The Painter Lundbye’s Bench on the Shore of Arresø Lake...
The Painter Lundbye’s Bench on the Shore of Arresø Lake (Lauritz Andersen Ring (1854-1933))
Ring had been told by the residents of the area around Frederiksværk that the painter J. Th. Lundbye had sat on this very bench when he painted his panoramas of the lake Arresø. Even if the story was not true, Ring exploited its mythological ambience to both emphasize and disguise his own position. On the one hand he could pay tribute to Lundbye as the incarnation of a golden age; on the other hand, precisely through Lundbye’s absence, he could comment on the collapse of the Golden Age construct on the threshold of the twentieth century.
The picture is intense in its down-to-earth realism, and at the same time the bench stands – as the central focus – shining white and glaringly empty like a concentrated image of absence. The actual landscape, which was viewed in the Golden Age as the wellspring of ideal values, vanishes in a correspondingly empty way behind the bench. The bare surfaces of the lake and the fields have no particularly emphatic features, but envelop one another meaninglessly. The decayed trunks of the trees effectively close off the left edge of the picture and thus also any backward gaze. At the same time the top branch points to a new, not yet explored domain.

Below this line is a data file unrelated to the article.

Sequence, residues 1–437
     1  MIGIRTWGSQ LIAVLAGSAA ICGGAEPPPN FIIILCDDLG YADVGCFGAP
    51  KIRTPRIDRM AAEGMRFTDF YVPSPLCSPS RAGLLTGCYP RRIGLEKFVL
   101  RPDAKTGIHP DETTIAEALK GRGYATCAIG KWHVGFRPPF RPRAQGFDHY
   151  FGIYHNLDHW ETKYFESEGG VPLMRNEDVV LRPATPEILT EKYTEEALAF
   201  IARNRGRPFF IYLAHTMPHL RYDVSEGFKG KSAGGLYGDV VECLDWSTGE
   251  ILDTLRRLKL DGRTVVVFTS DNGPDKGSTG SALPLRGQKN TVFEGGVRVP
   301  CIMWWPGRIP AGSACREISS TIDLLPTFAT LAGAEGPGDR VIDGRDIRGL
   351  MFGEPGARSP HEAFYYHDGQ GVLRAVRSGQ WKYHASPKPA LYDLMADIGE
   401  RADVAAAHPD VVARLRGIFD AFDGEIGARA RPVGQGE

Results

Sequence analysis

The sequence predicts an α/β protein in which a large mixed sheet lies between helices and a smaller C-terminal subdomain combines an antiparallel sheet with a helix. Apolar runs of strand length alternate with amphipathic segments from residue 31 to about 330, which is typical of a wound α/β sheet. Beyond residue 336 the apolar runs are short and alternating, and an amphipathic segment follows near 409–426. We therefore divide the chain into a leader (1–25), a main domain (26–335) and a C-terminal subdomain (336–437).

L.A. Ring was one of the most prominent representatives of Realism in Danish art. He was the son of an artisan, and himself trained as a house painter until he was admitted to the Royal Danish Academy of Art. Throughout his life he stuck to his origins, both personally and in his work. He took his name from the little south Zealand village where he was born, and the rural population and its surroundings became his constantly recurring subject.
The raw and direct realism was characteristic of Ring’s paintings. He viewed the world with a piercing look, which was painfully sharp and merciless.